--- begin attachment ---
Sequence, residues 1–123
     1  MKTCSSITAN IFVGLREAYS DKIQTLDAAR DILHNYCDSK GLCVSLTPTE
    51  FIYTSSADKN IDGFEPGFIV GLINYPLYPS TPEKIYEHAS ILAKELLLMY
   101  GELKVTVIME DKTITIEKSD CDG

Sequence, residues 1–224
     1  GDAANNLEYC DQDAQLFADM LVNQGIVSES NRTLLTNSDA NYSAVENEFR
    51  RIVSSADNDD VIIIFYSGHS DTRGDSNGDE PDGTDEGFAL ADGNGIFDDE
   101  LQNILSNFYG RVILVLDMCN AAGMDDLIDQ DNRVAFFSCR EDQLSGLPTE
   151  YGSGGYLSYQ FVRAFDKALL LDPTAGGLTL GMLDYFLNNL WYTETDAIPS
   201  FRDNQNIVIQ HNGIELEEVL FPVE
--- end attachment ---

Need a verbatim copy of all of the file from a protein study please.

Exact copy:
Sequence, residues 1–123
     1  MKTCSSITAN IFVGLREAYS DKIQTLDAAR DILHNYCDSK GLCVSLTPTE
    51  FIYTSSADKN IDGFEPGFIV GLINYPLYPS TPEKIYEHAS ILAKELLLMY
   101  GELKVTVIME DKTITIEKSD CDG

Sequence, residues 1–224
     1  GDAANNLEYC DQDAQLFADM LVNQGIVSES NRTLLTNSDA NYSAVENEFR
    51  RIVSSADNDD VIIIFYSGHS DTRGDSNGDE PDGTDEGFAL ADGNGIFDDE
   101  LQNILSNFYG RVILVLDMCN AAGMDDLIDQ DNRVAFFSCR EDQLSGLPTE
   151  YGSGGYLSYQ FVRAFDKALL LDPTAGGLTL GMLDYFLNNL WYTETDAIPS
   201  FRDNQNIVIQ HNGIELEEVL FPVE